And the tables gleaming with the

Jagged reality of their reflections

It is in the potted plants

And the gentle swinging of

Their chandeliers. The pristine

Whiteness of their sins surrounds

Them as they dance forever around

Each other, never once daring

To meet in the middle. Around them

The white-washed walls feed on the

Remnants of their fragile hearts

And in their cold-blooded lust for

The glamorous, they forget they are

Only flesh

To Strike A Chord

To strike a chord in the heart strings of those who seek beauty and truth, to make an unsuspecting reader smile, to pave a new wave of thought, to connect with the masses, the unseen and unheard, to show the silent that they have a voice, to merge fantasy and reality in such a way that no distinctions can be made between them, to erase all boundaries holding back the imagination, to captivate a reader in such a way that he begins to think of himself as a character, to share experiences and experience my share of things, to record adventures and make unlikely characters heroes, and to start a conversation among those who otherwise would have never met…this is what I hope to accomplish through my writing.

“A Cup of Tea”


A tale to take you

to distant places

places where you

can be things you

never thought to be

a story to transport you

over seas and through mountains

bridging the gap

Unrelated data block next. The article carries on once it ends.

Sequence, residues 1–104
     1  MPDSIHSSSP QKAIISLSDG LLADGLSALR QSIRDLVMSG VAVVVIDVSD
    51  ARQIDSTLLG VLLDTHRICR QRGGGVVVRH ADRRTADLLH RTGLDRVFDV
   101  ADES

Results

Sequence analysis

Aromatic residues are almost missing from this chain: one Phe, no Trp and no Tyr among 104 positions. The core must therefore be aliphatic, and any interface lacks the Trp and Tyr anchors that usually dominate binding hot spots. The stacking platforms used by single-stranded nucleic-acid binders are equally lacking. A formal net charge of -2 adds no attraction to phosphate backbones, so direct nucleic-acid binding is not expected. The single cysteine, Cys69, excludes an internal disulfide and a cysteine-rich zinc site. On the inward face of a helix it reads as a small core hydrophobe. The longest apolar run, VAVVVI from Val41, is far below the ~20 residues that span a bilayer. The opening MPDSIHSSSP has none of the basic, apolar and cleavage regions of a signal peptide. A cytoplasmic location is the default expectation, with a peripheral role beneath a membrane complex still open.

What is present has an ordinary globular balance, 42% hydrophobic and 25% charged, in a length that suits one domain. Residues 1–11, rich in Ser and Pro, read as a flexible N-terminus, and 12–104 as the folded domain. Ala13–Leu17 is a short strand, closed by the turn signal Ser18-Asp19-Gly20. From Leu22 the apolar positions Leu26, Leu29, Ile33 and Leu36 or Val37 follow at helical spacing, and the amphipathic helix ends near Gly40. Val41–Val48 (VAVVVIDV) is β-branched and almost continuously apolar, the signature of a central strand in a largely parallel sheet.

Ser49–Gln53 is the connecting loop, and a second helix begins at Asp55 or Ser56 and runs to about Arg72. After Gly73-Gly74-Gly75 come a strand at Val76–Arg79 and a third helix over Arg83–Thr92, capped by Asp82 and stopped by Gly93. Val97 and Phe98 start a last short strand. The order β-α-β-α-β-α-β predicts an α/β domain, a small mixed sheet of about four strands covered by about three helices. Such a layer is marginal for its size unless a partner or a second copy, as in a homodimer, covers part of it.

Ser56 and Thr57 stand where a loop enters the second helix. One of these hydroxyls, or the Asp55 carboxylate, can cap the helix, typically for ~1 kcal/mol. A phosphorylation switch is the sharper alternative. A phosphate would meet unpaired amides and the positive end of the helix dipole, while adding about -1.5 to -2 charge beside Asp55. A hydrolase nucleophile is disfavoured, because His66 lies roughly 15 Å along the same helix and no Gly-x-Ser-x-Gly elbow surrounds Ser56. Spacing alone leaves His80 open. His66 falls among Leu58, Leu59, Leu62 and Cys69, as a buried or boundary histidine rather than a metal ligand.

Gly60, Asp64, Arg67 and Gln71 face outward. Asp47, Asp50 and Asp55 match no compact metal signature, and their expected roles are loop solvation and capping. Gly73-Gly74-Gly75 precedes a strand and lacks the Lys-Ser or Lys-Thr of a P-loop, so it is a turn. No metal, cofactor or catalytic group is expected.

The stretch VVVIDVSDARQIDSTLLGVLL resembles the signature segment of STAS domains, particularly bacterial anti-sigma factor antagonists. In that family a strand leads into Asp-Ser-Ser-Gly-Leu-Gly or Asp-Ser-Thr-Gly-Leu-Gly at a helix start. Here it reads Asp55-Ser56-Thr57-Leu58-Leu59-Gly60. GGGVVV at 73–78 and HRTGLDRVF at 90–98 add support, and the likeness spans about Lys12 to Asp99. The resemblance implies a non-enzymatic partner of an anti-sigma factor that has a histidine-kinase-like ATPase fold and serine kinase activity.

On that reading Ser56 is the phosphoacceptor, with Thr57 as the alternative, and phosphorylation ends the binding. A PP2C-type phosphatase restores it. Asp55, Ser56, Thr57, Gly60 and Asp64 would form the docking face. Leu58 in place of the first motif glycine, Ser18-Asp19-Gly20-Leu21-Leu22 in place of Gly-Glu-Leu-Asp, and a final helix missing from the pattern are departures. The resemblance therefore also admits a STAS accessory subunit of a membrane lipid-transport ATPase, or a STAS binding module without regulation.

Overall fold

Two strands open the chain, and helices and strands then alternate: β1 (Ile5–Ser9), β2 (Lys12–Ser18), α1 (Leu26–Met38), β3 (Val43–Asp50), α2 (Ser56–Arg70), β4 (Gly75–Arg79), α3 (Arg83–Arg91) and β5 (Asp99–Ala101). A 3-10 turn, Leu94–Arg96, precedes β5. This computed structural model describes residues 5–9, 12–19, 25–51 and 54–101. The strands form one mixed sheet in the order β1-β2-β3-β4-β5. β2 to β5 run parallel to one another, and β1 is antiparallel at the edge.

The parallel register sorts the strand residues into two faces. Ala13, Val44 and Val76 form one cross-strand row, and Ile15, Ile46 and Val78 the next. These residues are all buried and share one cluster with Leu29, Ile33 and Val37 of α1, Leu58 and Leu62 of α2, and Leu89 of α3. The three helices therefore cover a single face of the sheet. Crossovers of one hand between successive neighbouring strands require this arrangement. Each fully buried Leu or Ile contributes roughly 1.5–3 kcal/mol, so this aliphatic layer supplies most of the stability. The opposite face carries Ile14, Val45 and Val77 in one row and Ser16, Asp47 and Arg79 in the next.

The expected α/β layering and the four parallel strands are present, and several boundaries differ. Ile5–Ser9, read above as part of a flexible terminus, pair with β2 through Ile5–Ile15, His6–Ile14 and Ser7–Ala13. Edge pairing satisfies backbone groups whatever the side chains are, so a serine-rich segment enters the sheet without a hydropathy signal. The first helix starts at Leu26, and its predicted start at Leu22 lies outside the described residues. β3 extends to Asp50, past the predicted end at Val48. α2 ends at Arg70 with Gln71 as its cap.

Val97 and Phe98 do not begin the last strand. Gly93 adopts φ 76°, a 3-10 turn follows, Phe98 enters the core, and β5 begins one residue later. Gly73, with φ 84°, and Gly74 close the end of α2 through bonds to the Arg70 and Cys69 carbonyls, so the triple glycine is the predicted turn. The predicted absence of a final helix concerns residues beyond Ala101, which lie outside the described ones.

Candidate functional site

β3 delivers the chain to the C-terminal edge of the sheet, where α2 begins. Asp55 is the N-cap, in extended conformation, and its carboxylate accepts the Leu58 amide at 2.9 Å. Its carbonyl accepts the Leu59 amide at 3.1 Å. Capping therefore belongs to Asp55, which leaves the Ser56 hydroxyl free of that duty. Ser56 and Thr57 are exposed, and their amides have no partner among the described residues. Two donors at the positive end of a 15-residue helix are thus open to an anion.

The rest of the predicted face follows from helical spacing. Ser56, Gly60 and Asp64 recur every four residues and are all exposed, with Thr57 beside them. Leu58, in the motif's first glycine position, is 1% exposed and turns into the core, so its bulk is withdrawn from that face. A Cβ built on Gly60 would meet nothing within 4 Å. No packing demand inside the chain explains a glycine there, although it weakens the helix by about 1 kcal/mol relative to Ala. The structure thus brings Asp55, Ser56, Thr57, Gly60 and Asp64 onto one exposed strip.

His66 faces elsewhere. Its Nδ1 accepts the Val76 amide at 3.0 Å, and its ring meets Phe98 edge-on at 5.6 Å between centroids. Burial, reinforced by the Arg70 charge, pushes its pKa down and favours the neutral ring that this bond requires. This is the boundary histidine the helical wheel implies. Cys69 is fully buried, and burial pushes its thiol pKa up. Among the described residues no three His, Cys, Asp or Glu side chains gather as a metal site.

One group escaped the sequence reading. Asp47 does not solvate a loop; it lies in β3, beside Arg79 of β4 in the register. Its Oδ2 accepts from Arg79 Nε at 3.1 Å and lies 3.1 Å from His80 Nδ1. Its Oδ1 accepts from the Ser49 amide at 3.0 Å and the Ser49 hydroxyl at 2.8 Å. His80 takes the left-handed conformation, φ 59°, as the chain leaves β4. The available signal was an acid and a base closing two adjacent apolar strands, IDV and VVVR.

between the real and

not-so-real. Where else

can you find people

who understand

without you having to tell them

what you mean?

an adventure to captivate

the attentions of your

imagination. just you, a book

and a cup of tea


The child unconsciously mirrors his mother’s pose. They stand with their feet apart and their shoulders hunched, fighting off a cold that isn’t there. He grips her papery hand, and every time she shifts and shuffles her feet her skin makes a raspy sound against his own. He’s too young to ask why they have come here, but his eyes register the way his mother clenches her other hand into a fist. He’s too scared to look at her face, so he scans their surroundings, taking in the willow tree that resembles something out of his nightmares. He shrinks back against his mother’s side, his other hand clutching at her shirt. She frowns down at the top of his head, at the way his blonde curls flutter gently in the pre-dawn breeze. She will have to explain to him why they are here, but she doesn’t know how. Maybe she will make something up, like the fairytales he was learning to read in school.